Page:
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Notgeld album


Held at: University of Pennsylvania: Kislak Center for Special Collections, Rare Books and Manuscripts [Contact Us]3420 Walnut Street, Philadelphia, PA 19104-6206

This is a finding aid. It is a description of archival material held at the University of Pennsylvania: Kislak Center for Special Collections, Rare Books and Manuscripts. Unless otherwise noted, the materials described below are physically available in their reading room, and not digitally available through the web.

Overview and metadata sections

Germany's central bank struggled during the First World War with high inflation and metal shortages that hampered the production of coins. In response to this, local municipalities, businesses, trade organizations, and some individuals began to produce their own emergency paper currency or notgeld. Early examples of notgeld were simple in design and of crude manufacture, but as the practice caught on, the quality of printing and the sophistication of their design grew. Following the end of the First World War, notgeld actually expanded in popularity, even as the original economic impetus declined. Between 1918 and 1922, notgeld became valued more as a collectible than as actual currency and is often referred to as Sammlerscheine or collector's notes for this reason. Sammlerscheine features particularly rich illustrations and was often made in sets that depicted folk tales, historic events, or attractions from the region of production. Hyperinflation in 1922 and 1923 brought back the need to use notgeld as currency, with production expanding to as many as 4,000 different issuers during this period. Hyperinflation peaked towards the end of 1923, with some notgeld printed in denominations in the trillions of Marks. This crisis finally ended in 1924 when the Reichsbank fixed the value of the newly issued Rentenmark to the value of gold, which both stabilized the currency and removed the principle reason for notgeld.

This album appears to have been made specifically for collecting and displaying these notes, with the words "Notgeld-Album" inscribed in gold on the cover and the pages designed with rows of pockets in which to store the notes. The pockets have been used to arrange the notes in distinct sets and allow for the notes to be easily removed for better viewing. The name, "Georg Fenner," is written on the inside cover.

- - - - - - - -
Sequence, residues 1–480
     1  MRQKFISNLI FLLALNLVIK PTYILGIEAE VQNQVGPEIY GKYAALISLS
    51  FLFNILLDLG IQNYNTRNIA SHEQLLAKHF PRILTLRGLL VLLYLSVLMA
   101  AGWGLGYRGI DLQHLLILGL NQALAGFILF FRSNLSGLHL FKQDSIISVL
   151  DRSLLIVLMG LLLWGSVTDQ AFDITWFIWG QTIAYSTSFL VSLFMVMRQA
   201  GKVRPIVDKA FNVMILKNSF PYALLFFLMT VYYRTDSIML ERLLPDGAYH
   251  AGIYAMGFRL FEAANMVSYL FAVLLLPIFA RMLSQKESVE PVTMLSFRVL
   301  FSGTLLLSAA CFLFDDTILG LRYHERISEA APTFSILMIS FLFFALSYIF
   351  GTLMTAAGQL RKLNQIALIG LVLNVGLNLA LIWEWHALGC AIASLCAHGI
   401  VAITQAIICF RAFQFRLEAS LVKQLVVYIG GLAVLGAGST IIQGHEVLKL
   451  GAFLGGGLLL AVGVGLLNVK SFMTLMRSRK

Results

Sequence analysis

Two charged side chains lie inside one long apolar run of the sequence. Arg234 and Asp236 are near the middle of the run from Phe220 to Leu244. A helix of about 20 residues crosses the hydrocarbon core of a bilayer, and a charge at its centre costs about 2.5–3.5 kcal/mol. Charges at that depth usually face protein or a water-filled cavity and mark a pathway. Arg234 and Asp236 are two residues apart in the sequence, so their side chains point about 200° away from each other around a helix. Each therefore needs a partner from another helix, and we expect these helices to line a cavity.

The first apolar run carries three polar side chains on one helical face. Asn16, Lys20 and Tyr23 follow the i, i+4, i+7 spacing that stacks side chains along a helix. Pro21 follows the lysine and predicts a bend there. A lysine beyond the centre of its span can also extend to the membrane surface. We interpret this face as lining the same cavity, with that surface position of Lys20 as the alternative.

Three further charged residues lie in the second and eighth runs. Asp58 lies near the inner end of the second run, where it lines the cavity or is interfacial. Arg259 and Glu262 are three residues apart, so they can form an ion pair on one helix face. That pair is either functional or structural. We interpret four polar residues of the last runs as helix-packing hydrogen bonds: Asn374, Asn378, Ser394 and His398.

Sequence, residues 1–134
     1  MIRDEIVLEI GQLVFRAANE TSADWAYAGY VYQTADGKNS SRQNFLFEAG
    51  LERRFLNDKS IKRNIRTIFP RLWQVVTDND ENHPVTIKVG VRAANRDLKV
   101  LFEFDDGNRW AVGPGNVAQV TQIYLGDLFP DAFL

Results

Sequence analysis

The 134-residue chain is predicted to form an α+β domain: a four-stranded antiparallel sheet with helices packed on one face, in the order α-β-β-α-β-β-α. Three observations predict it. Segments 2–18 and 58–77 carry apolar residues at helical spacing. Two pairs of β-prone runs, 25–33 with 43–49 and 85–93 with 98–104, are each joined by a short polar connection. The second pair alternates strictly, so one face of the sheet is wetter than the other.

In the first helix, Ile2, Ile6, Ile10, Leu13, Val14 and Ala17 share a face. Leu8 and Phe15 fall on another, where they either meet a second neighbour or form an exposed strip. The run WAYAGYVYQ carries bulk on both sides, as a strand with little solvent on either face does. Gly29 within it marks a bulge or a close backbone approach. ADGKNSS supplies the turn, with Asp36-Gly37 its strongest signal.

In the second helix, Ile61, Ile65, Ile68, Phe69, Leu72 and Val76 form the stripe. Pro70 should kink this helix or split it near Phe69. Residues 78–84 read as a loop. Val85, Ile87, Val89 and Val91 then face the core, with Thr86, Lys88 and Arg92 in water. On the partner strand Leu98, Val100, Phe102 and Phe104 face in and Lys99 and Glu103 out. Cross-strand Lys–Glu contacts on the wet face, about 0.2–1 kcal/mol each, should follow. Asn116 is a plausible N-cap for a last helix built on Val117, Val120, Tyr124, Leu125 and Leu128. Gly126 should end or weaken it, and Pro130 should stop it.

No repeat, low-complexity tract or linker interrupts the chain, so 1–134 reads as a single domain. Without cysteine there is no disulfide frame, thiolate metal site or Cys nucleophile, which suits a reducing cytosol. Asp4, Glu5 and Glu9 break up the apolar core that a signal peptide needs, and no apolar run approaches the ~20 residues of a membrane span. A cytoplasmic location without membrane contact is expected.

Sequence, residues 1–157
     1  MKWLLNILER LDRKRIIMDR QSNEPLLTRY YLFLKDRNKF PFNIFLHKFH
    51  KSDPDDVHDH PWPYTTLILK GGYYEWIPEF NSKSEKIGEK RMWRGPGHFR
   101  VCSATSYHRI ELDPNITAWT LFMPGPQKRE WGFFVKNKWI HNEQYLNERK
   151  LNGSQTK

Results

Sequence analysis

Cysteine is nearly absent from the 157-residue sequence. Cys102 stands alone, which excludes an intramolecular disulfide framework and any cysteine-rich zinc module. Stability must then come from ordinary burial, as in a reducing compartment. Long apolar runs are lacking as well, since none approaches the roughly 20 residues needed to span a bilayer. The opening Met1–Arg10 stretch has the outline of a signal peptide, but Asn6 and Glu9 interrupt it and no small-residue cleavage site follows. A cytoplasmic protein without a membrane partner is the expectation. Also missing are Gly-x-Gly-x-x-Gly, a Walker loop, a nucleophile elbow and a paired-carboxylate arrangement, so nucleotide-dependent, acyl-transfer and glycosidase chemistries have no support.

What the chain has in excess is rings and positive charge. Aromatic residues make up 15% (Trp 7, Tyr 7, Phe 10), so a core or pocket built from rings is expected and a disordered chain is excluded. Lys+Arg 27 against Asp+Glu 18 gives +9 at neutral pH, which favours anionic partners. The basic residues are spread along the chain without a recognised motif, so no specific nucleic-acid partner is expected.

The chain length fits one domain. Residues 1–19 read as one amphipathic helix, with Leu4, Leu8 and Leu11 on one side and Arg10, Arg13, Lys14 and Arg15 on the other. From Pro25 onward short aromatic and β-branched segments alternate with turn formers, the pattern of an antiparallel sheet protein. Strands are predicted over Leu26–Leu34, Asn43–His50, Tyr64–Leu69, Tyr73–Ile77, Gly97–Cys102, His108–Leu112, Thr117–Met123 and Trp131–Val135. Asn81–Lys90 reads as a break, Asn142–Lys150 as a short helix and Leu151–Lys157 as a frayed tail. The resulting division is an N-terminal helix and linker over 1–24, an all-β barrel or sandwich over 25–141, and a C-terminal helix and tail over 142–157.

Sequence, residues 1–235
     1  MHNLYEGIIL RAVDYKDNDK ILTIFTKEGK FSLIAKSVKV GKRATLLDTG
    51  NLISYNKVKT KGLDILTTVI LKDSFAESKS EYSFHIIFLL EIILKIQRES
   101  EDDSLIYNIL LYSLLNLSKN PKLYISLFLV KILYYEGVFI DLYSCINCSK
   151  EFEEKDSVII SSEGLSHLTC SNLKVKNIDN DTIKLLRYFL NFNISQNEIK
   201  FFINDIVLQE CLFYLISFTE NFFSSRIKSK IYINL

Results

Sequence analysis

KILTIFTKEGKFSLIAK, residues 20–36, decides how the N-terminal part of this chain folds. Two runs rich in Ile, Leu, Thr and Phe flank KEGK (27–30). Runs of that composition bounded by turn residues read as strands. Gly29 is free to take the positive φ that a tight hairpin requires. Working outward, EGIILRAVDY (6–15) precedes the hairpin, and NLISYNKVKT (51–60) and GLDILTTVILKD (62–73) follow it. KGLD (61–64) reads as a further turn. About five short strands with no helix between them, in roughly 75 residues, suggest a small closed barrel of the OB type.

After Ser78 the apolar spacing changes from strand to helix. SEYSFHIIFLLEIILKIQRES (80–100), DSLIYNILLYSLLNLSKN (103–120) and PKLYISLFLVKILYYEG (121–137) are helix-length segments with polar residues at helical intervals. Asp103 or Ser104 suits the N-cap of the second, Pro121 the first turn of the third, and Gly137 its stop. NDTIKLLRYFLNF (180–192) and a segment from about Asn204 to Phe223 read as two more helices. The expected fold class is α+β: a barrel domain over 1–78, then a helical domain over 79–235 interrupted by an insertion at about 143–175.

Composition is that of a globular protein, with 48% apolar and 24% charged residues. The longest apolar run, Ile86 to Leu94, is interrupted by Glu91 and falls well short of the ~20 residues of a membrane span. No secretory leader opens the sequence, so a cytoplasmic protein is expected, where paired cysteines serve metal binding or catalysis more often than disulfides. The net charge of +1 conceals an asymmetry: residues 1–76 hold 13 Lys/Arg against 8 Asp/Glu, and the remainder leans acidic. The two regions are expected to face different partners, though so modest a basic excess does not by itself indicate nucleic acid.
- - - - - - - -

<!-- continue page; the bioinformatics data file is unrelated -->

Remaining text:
This album contains 337 examples of notgeld, or "emergency money," produced between 1916 and 1922 by various German municipalities, companies, and individuals. These currency notes are richly illustrated with depictions of landmarks, folklore, historical figures and events, including some with descriptive text. The album is predominately made up of serienscheine or "collectors notes," which are distinguished by their high quality and that many of the notes were issued in themed sets. For instance, one set in this album is of six 50 pfennig notes made in 1921 from the town of Hameln and depicts the folktale of the Pied Piper. Another set of notgeld is of six 75 pfennig notes made in 1922 that commemorates Germany's colonies in Africa, which appear to have been made by a trade organization (The Hanseatic League) from the region of Hamburg, Berlin, and Bremen. The notes are all in excellent condition.

Sold by Wolfgang Ruger, 2022

University of Pennsylvania: Kislak Center for Special Collections, Rare Books and Manuscripts
Finding Aid Author
Kenneth Cleary
Finding Aid Date
2023 September 5
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This collection is open for research use.

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Copyright restrictions may exist. For most library holdings, the Trustees of the University of Pennsylvania do not hold copyright. It is the responsibility of the requester to seek permission from the holder of the copyright to reproduce material from the Kislak Center for Special Collections, Rare Books and Manuscripts.

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